Breaking Down Barriers: Helping Patients to Speak Up About the Unspeakable

Published on Nov 11, 2021

Whether based on a patient’s age, habits and demeanor or on a constellation of subtle symptoms, you may have nagging suspicions. But you don’t know quite how to bring it up. Patients have their awkward moments, embarrassment and fear. The situation is common. Significant health issues often remain hidden because important words between physicians and the people they treat are simply left unsaid.

This is often true of uncomfortable gastrointestinal conditions such as fecal soiling, incontinence and chronic constipation, particularly when elderly or other vulnerable populations are involved. If you suspect a patient may be suffering, how do you help break their silence?

Experts offer advice:

Build Trust and Engagement

For many patients, disclosing personal, potentially embarrassing information to anyone—including a physician—is perceived as high risk. Use active listening skills to help build trust, demonstrate empathy and signal their concerns are important. Establishing eye contact instead of focusing on a computer screen and using positive, responsive body language helps to convey your involvement. Also helpful is reinforcing that all doctor/patient conversations are confidential.

Keep the Conversation Going

If a patient begins to open up, don’t let awkward silences interfere with information flow. Move the dialogue forward with questions and reassuring statements. Remind patients that as a healthcare professional, you deal with a broad range of difficult situations, and almost nothing is new or surprising.

Reassure Patients They Do Not Suffer Alone

Letting patients know that many others—and other patients of yours, in particular—suffer from incontinence or related problems, will go a long way to relieve embarrassment and encourage patients to speak up. You might say, for example: “Some of my patients occasionally experience soiling or even incontinence as they age. It’s not uncommon. If this ever happens to you, I hope you will trust me enough to let me know. Today, there are many therapies that can help.”

Be Respectful and Direct

A more direct variation of the above approach is informing patients that toileting problems are common among certain patient populations. You might then add: “So I have to ask, and I hope you won’t be uncomfortable—have you ever experienced problems like fecal soiling or incontinence?” With either of these approaches, you might include an anecdote about a patient—anonymously, of course—who suffered a similar problem and, after discussing it, received successful treatment.

Provide Resources to Educate and Spark a Conversation

Displaying information in your practice about fecal incontinence and related topics not only helps educate patients but also may be just the stimulus needed to help them broach the topic. These resources might include fact sheets, brochures and an Internet resource list. Make sure to place literature in exam rooms where patients can review it privately and start a discussion, if desired.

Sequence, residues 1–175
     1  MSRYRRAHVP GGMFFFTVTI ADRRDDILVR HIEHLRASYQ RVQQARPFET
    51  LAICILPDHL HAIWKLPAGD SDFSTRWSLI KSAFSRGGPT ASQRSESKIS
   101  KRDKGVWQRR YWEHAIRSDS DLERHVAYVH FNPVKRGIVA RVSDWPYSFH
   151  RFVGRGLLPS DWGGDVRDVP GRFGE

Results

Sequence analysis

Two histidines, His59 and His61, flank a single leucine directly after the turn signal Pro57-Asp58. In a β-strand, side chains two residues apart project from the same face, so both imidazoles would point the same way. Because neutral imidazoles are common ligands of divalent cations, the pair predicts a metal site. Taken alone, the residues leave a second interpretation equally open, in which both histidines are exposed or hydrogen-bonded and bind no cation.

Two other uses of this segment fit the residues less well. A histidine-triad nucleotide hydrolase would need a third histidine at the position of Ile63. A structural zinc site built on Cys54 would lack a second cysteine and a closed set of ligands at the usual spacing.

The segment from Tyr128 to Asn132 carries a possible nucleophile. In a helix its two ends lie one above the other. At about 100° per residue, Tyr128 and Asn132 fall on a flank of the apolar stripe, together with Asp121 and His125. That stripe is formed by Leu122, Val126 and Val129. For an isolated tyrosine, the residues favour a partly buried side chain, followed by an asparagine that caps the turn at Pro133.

Offer a Patient Gastrointestinal Health Survey

Providing patients with a resource for self-reporting on sensitive health issues enables them to acknowledge a problem in a less threatening and personal way than through a live conversation. A survey also gives physicians the context for discussing problematic findings and moving the patient along the road to recovery. Medspira’s Patient Gastrointestinal Health Survey (link) is available for download. Personalize it with your logo and practice information and distribute it to patients for completion at home or at the conclusion of their visit. It has proven to be a highly successful tool for many mCompass practices.

Emphasize Treatment Options and Positive Outcomes

However a problem is brought to light, acknowledging it is the first step towards a cure. Let patients know that many people have overcome significant gastrointestinal issues, including toileting and fecal incontinence, by taking advantage of today’s advanced therapies and working towards a cure. Provide an overview of these treatments, emphasize that they will be delivered in full privacy, are covered by insurance and, for some patients, may result in improvements within a short time period.

Build in Patient Follow-Up

Make sure to book a follow-up appointment before a patient leaves. Some people may have second thoughts about treatment when they reach home, and having a date on the calendar increases the likelihood of compliance and a return visit.

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